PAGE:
Admittedly, more rapid growth has come late in the 1990s business cycle, and this has impressed economists. The more rapid growth in the 1980s cited above followed a steep recession; at such a point, growth is usually strongest. But the 1990s cycle has reversed the normal sequence of events. The rate of growth was unusually weak early in the cycle, after the recession of the early 1990s. For example, the rate of unemployment was actually higher in 1993, when the recovery was two years old, than it was at the bottom of the recession in 1991 (and almost as high well into 1994). This was unprecedented for the first two years of a new business cycle. Pro-ductivity was almost stagnant in these years. After an initial burst in 1992, it grew by 0.1 percent in 1993, 0.5 percent in 1995, and 0.6 percent in 1996.

Thus, the late bloom of the economy, beginning in 1996, followed an extremely sluggish period of growth in which demand for consumer and perhaps even capital goods could not be fulfilled. It is possible this pent-up demand has given impetus to current high levels of consumer spending. Even Alan Greenspan, the Federal Reserve chairman, conceded in a speech in May (covering all sides of the issues as usual) that the re-cent economic performance may largely be a catch-up after the unusually slow growth of the first half of the decade.

Also, the data have been inflated significantly since 1995 by revisions which have reduced consumer prices and therefore raised business output, adding approximately 0.4 percent to reported productivity growth each year. This large adjustment will soon be made to earlier data, making the current performance less strong by comparison. Many gushing press accounts leave out this fact.

This summer, the good economic news has been tested. On the one hand, economic growth slowed to an annual rate of only 2.3 percent and productivity growth to only 1.3 percent in the three months ended in June. On the other hand, there have been increasing concerns that the rate of inflation may at last be rising. In particular, the value of the dollar has fallen against the yen and the European Union’s euro, which is helping to drive up import prices. In response to such inflationary threats, the Federal Reserve raised its key federal funds rate by a quarter of a percent in June and another quarter of a percent late this August. Long-term mortgage rates have risen to more than 8 percent, and demand for goods and services may well now be slowing.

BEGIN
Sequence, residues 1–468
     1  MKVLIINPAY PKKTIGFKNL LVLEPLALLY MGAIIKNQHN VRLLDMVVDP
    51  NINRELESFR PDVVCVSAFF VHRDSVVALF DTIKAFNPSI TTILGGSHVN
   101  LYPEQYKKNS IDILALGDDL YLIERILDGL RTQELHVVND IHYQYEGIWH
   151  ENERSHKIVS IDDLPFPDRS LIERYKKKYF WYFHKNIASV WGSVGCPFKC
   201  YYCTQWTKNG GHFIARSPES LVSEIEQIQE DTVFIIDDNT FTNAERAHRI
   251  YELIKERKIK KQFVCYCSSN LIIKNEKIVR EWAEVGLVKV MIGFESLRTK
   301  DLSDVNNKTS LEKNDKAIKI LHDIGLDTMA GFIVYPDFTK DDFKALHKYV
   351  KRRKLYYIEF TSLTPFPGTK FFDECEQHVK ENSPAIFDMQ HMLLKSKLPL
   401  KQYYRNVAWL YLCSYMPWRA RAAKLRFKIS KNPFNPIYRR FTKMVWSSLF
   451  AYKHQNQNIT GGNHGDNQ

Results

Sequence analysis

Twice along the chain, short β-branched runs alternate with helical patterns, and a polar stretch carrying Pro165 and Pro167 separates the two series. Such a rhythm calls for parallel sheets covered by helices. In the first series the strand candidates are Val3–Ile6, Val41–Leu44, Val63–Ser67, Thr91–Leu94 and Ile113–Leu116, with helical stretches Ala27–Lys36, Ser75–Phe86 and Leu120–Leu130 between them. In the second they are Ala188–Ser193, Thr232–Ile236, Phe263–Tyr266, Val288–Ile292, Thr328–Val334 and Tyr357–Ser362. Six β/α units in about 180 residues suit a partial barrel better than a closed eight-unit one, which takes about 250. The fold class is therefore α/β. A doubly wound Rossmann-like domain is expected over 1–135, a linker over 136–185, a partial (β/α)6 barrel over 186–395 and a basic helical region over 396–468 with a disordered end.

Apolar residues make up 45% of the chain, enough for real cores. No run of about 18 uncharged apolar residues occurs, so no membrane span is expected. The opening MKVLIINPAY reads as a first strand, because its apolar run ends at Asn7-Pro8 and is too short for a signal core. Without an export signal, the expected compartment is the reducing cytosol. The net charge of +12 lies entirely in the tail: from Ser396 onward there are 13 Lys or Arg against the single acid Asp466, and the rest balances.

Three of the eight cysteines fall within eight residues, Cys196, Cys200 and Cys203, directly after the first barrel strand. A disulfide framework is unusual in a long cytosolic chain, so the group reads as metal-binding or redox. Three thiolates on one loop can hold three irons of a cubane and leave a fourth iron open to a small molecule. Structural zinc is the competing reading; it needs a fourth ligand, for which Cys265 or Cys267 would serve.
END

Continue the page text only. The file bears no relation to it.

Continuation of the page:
Nevertheless, the rate of inflation has remained subdued, and a three-month slowdown in productivity growth obviously cannot be taken as a sign of a trend. Something more than simply a temporary cyclical improvement may be underway. Also, the low rate of unemployment has reminded us once again of the benefits of tight labor markets, which the nation has not experienced for twenty-five years. The rising wages for lower-income workers, for example, raise new questions about a long-held tenet among most mainstream economists. The experts have generally attributed widening income inequality to technological advances that require more sophisticated, better-educated workers. But as labor markets have tightened since 1996, even low-skilled workers have been in demand. Technological change no doubt remains an influence over the job markets, but it is increasingly clear that a low unemployment rate has remarkable curative powers.

Before we explore the possibility that the American economy can maintain low rates of unemployment and continue to grow rapidly, we should take note of the increasingly popular literature whose authors generally claim not merely that Americans have improved their standard of living significantly in the past three years but that most Americans, even the poor, have been doing well since the 1970s. Reports to the contrary, they say, are the result of misinterpreted data and the influence of the pessimistic literature of the 1980s and 1990s. The leading current example of this optimistic school is Myths of Rich and Poor: Why We’re Better Off Than We Think, by W. Michael Cox and Richard Alm. Cox is an economist for the Federal Reserve Bank of Dallas and Alm is a business reporter for the Dallas Morning News. Most of the information in their book has appeared in reports issued by the Dallas Federal Reserve Bank over the past few years. But the book is written in a lucid and sincere style.